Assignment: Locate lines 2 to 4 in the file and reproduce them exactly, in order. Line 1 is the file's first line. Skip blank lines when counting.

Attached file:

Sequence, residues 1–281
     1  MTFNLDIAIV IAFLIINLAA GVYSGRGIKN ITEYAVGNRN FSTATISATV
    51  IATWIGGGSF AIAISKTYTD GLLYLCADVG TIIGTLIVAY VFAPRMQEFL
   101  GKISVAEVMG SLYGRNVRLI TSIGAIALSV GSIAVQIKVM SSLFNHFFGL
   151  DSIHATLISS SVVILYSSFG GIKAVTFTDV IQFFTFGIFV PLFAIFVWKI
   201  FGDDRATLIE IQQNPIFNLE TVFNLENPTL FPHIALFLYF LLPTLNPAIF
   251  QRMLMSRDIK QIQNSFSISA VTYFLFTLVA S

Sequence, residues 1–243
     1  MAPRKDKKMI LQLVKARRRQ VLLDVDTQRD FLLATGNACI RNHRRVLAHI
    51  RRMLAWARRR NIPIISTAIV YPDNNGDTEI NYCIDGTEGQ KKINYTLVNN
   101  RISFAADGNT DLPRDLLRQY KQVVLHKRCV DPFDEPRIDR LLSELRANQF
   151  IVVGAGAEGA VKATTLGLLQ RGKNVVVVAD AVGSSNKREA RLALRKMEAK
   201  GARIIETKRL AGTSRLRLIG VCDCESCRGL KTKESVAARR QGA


     1  MTFNLDIAIV IAFLIINLAA GVYSGRGIKN ITEYAVGNRN FSTATISATV
    51  IATWIGGGSF AIAISKTYTD GLLYLCADVG TIIGTLIVAY VFAPRMQEFL
   101  GKISVAEVMG SLYGRNVRLI TSIGAIALSV GSIAVQIKVM SSLFNHFFGL